In some Transformers iterations, the Quintessons are the creation of Unicron, serving as his enforcers. Despite the multiple realities and interpretations, the one fact about the Quintessons/Creators that never changes is that they are vicious enemies of the Transformers – particularly the Autobots. They sometimes ally themselves with the Deceptions, but those two factions always end up double-crossing each another in the end.
So what does this mean for the character Quintessa as seen in the trailer for Transformers: The Last Knight? It’s known that Optimus Prime seeks her out, and not the other way around. But obviously, it doesn’t go so well because first, she chains him up for their little powwow, and second, by all accounts, it’s her that’s responsible for turning him evil and setting him against his fellow Autobots. The trailer plainly shows his blue eyes turn purple as she alters him.
It’s also known that after this happens, Optimus becomes part of a plot to bring another world to Earth and alter it in the Transformers’ image. It’s likely this is the remains of Cybertron — especially since Optimus is heard saying “for my world to live, yours must die.” This theory also lines up with Optimus’ quest for redemption, as restoring his dead world would accomplish his absolution.
The problem, of course, is that this new-and-more-evil version of Optimus is seemingly okay with wiping out every human being on Earth if it brings his dead planet back to life, having destroyed it himself according to the trailer. It could be argued that Optimus has been on an increasingly dark path across the four preceding movies, given that mankind has continually turned more and more against him and his Autobots, always ungrateful for Optimus’ efforts to protect and defend mankind. The human race even went so far as to hunt and try to kill him and his people in Age of Extinction. So maybe when Quintessa offers him this shot at redemption, even if it involves tinkering with his moral compass… Maybe it’s not as big a leap for him to make as it might have once been.
Another possibility regarding that hexagonal-patterned framework of a planet that tries to swallow Earth is that it isn’t Cybertron at all. It’s been rumored that none other than Unicron might show up in The Last Knight, which would make this planetary framework system part of his attempt to turn Earth into his new body. The way the alien technology overlays atop Earth’s surface, you could kind of see it.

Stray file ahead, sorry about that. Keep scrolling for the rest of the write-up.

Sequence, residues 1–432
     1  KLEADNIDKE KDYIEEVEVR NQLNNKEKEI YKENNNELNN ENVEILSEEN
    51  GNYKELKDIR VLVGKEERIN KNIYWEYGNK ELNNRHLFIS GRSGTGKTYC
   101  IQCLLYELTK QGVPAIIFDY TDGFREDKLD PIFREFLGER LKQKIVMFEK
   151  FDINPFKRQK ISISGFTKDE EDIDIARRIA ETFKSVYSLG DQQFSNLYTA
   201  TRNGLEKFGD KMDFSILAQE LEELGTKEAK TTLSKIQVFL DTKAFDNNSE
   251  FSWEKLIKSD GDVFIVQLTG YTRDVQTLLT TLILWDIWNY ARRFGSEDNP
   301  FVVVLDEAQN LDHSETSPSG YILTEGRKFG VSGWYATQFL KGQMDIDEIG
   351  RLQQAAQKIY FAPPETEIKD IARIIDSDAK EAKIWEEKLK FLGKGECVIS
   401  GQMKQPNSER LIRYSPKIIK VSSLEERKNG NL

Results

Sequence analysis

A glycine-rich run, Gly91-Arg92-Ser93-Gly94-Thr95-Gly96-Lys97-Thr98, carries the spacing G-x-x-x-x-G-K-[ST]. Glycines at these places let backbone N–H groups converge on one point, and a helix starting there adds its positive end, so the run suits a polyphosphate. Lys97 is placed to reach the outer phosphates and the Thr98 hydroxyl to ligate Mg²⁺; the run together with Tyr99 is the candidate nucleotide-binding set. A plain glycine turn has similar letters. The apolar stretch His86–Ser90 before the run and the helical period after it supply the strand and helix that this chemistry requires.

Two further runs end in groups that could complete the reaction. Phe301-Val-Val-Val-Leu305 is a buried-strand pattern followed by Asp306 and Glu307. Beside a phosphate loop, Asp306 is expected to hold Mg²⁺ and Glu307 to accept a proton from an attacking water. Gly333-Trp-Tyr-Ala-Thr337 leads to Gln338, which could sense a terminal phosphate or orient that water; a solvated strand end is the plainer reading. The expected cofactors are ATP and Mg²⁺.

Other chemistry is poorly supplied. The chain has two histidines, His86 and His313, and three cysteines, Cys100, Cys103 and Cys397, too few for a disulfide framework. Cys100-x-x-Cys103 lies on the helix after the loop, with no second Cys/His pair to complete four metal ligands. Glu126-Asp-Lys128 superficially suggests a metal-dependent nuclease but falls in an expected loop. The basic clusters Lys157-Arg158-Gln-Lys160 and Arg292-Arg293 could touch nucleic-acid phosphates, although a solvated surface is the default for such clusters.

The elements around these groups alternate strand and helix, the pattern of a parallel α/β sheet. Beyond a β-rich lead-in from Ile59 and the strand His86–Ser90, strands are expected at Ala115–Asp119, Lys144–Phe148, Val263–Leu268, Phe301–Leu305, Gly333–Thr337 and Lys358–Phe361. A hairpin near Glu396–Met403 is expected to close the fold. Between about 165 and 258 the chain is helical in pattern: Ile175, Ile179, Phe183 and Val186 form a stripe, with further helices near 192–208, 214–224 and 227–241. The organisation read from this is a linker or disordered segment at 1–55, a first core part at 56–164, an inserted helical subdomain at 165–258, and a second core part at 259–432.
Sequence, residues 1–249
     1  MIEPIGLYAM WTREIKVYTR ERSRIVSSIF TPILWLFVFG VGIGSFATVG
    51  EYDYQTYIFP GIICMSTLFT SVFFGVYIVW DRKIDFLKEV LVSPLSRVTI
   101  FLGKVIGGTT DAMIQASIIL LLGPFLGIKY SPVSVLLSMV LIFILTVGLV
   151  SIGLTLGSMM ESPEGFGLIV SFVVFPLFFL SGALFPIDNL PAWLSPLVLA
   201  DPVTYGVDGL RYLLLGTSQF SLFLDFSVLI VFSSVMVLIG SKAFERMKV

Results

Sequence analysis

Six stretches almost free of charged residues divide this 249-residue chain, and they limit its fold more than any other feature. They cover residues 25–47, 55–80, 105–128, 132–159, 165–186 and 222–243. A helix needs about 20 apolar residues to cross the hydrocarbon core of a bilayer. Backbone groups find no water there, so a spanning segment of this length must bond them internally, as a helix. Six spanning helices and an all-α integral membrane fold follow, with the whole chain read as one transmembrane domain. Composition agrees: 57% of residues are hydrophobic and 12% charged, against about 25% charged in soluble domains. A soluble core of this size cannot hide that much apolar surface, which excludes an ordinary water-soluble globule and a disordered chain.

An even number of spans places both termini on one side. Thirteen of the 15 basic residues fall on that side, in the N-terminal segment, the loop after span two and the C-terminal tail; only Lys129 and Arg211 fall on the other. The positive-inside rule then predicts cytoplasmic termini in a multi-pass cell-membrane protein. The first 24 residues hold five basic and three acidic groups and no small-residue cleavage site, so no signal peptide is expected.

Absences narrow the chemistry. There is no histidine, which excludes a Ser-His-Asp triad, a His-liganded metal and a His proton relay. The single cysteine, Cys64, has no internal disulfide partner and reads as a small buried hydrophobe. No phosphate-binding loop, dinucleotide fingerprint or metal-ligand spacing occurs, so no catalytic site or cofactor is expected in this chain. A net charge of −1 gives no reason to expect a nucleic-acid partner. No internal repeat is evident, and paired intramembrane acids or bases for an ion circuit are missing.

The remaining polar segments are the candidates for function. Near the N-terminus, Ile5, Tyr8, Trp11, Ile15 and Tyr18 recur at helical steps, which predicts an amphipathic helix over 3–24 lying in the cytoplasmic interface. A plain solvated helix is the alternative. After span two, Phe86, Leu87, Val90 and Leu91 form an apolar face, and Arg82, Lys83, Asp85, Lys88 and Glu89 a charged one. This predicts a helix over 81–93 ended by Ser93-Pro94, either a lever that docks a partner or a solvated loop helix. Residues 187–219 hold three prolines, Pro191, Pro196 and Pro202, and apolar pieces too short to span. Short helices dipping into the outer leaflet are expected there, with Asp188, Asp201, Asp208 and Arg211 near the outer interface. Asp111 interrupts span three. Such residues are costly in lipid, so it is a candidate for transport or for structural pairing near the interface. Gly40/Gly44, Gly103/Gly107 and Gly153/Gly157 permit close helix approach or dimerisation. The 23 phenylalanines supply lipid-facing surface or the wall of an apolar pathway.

But the smart money is still on Cybertron, given the involvement of this Quintessa/Creator character, and Optimus’ desire to revive his home world. Here’s the thing. It’s known that Paramount has a writers’ room full of creatives who have been plotting out a deeper mythology for the film series, and they already have plans and ideas for what the next two movies will be about. If they’re planning things that far in advance, then it makes sense that they would want to save Unicron’s arrival for the culmination of their multi-part story.
It also makes sense that if Unicron is at the core of the writers’ room’s grand plan — and really, what else could possibly be? — then introducing the Quintessons (er, Quintessa) to the films is the logical first step in that direction.
Add all of this up, and here’s what you get. Despite the purple-eyed wickedness Optimus Prime displays in the trailer, it’s likely that Quintessa is The Last Knight‘s true villain, manipulating Optimus and who-knows-who-else toward her own ends.